JOPLIN, Mo. — Every once in a while, I like to take a break from the weekly movie grind and explore some other entertainment avenues. Being a movie geek, I often gravitate toward film-related stuff. Here are a few different options I've discovered recently.
For your listening pleasure
I am an early podcast adopter, having first started listening to various shows in 2005 to fill time while doing certain tasks at work. As such, I've paid close attention to those shows that have gotten attention through various means, be it recommendations related to shows I downloaded, various media outlets, or just general friend comments.
Yet, it was only recently that I discovered "The Flop House," a podcast devoted solely to the evisceration of bad movies.
The hosts consist of three friends, two of whom write for "The Daily Show," and their punishing quest to watch and discuss the worst movies released into theaters.
As a closet movie masochist, I feel as though I've found kindred spirits in men who can take the occasional pleasure in slogging through drek; as a pseudocritic, I appreciate the surprisingly cogent and thorough analysis offered on movies that truly deserve much less.
The format is pretty well set. On episodes where the three are together, Elliot Kalan offers up a breakdown of the plot as Dan McCoy and Stuart Wellington contribute their insights, and the trio tear apart the movie. After in-depth discussion, the three then render their final verdicts on whether there was any enjoyment to be found in the film, then offer recommendations for alternatives to suffering through what they just watched.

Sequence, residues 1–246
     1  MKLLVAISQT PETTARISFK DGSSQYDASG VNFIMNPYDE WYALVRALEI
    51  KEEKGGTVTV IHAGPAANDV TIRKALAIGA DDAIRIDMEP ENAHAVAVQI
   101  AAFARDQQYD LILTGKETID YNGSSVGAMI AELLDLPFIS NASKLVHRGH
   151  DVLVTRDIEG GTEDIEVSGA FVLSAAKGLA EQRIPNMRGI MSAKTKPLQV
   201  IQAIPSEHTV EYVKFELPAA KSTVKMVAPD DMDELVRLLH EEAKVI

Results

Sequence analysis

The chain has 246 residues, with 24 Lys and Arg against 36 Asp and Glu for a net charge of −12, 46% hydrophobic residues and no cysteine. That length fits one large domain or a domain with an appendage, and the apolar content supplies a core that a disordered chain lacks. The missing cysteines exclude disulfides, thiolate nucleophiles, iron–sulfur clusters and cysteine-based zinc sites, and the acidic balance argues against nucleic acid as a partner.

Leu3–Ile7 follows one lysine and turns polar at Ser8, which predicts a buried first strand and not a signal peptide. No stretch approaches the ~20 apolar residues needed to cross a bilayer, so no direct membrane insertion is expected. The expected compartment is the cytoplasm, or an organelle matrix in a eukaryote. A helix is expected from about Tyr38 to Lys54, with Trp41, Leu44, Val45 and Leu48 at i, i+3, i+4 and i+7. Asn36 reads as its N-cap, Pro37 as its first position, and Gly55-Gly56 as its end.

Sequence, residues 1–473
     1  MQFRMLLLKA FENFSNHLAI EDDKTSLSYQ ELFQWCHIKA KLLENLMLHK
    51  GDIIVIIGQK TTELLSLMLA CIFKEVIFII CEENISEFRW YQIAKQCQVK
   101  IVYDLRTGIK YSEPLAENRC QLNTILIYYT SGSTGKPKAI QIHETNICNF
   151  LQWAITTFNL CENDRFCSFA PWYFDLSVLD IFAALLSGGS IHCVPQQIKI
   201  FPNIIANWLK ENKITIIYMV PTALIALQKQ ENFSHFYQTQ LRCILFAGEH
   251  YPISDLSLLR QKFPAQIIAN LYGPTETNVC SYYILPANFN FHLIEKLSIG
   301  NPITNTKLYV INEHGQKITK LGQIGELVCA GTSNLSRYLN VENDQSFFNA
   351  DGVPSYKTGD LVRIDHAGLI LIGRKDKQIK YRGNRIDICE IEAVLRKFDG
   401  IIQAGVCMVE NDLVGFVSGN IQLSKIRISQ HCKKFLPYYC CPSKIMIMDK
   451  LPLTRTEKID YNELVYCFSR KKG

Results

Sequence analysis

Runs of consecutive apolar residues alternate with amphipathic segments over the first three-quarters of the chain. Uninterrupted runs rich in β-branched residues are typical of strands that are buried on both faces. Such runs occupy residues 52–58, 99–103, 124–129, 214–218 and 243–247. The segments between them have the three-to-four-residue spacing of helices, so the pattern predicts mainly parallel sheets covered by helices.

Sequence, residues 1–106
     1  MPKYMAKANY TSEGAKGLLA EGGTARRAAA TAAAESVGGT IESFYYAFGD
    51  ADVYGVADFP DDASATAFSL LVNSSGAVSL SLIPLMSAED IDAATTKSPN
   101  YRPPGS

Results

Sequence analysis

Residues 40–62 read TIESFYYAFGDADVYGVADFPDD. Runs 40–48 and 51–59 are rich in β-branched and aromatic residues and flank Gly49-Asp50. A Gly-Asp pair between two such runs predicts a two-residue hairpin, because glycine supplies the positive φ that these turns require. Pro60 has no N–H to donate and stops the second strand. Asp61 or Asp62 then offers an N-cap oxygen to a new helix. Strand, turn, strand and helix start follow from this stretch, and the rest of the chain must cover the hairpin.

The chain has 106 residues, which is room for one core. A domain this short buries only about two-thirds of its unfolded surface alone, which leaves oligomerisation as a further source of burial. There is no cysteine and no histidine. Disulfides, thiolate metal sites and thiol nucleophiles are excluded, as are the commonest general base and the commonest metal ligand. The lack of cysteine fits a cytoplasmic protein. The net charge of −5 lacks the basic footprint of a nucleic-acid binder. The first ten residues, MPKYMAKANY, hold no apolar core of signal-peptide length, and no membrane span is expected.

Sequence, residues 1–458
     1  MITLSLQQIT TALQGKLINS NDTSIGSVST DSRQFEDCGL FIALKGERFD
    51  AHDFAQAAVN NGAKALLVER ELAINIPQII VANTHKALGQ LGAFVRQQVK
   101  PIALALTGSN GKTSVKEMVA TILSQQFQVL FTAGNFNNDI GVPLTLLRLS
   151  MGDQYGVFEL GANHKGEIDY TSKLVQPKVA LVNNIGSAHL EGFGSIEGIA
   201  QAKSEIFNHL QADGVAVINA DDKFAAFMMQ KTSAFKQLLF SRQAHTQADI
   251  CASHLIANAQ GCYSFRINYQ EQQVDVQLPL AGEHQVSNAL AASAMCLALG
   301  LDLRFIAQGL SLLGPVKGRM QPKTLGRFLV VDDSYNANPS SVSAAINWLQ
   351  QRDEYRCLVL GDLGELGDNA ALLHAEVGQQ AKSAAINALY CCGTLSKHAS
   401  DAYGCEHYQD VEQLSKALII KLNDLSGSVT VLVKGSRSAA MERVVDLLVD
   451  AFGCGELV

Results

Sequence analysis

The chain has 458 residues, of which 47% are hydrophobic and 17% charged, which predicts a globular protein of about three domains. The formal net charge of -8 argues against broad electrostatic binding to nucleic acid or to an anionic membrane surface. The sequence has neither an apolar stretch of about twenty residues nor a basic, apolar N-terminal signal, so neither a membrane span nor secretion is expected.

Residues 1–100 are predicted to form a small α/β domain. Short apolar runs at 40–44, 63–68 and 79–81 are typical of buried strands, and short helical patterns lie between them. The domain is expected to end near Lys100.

Mixed into this are the tangents on which the three will go off, sometimes rambling, sometimes barely even tied to the film, but always funny. I assume it is some kind of verbal symbolism of the walls the brain throws up to protect itself from crap, as I've often found my mind wandering while suffering through the latest Robin Williams offering or anything starring Ashton Kutcher, and their unhinged rants are a pretty close approximation to what the mind will actually do.
And, unlike so many podcasts offered today, there is a professionalism to their recording and presentation. As a fellow podcaster (*cough* "Tales of the Smoking Chihuahua" -- find us on iTunes or Facebook *cough*) I appreciate the work and effort put into making a quality sounding show.
I've heard shows that are offshoots of large magazines and newspapers that sounded as though they were recorded on computer microphones, so it is nice to find something that is both listenable and extremely funny.
This is a much more enjoyable alternative to actually watching films like "Old Dogs," "The Killers" or "Sucker Punch." Believe me.
And in case I haven't sold you enough on the show, "The Flop House" is, I think it's safe to say, the foremost podcast authority on movies in which a ding dong is ripped off.